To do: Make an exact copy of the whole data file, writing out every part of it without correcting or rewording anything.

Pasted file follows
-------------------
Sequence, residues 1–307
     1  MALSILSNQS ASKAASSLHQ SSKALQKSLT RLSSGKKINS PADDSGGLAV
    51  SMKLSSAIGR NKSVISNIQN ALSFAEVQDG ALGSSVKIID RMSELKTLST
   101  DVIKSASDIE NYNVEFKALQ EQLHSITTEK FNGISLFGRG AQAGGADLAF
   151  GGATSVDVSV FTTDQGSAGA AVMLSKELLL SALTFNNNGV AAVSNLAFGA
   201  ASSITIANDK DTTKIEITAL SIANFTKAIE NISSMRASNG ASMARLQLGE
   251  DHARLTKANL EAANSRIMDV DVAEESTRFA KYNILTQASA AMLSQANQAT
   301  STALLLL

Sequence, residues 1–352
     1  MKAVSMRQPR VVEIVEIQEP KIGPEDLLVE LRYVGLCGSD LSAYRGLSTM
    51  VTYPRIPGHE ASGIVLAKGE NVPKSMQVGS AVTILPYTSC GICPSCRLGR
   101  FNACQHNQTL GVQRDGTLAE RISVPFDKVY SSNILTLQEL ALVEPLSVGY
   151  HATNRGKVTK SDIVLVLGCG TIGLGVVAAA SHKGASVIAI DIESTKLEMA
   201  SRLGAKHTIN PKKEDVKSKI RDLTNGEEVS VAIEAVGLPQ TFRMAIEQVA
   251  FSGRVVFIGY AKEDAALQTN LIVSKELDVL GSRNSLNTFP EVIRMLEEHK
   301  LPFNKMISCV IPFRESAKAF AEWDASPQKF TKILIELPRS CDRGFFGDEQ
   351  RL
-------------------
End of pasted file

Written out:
Sequence, residues 1–307
     1  MALSILSNQS ASKAASSLHQ SSKALQKSLT RLSSGKKINS PADDSGGLAV
    51  SMKLSSAIGR NKSVISNIQN ALSFAEVQDG ALGSSVKIID RMSELKTLST
   101  DVIKSASDIE NYNVEFKALQ EQLHSITTEK FNGISLFGRG AQAGGADLAF
   151  GGATSVDVSV FTTDQGSAGA AVMLSKELLL SALTFNNNGV AAVSNLAFGA
   201  ASSITIANDK DTTKIEITAL SIANFTKAIE NISSMRASNG ASMARLQLGE
   251  DHARLTKANL EAANSRIMDV DVAEESTRFA KYNILTQASA AMLSQANQAT
   301  STALLLL

Sequence, residues 1–352
     1  MKAVSMRQPR VVEIVEIQEP KIGPEDLLVE LRYVGLCGSD LSAYRGLSTM
    51  VTYPRIPGHE ASGIVLAKGE NVPKSMQVGS AVTILPYTSC GICPSCRLGR
   101  FNACQHNQTL GVQRDGTLAE RISVPFDKVY SSNILTLQEL ALVEPLSVGY
   151  HATNRGKVTK SDIVLVLGCG TIGLGVVAAA SHKGASVIAI DIESTKLEMA
   201  SRLGAKHTIN PKKEDVKSKI RDLTNGEEVS VAIEAVGLPQ TFRMAIEQVA
   251  FSGRVVFIGY AKEDAALQTN LIVSKELDVL GSRNSLNTFP EVIRMLEEHK
   301  LPFNKMISCV IPFRESAKAF AEWDASPQKF TKILIELPRS CDRGFFGDEQ
   351  RL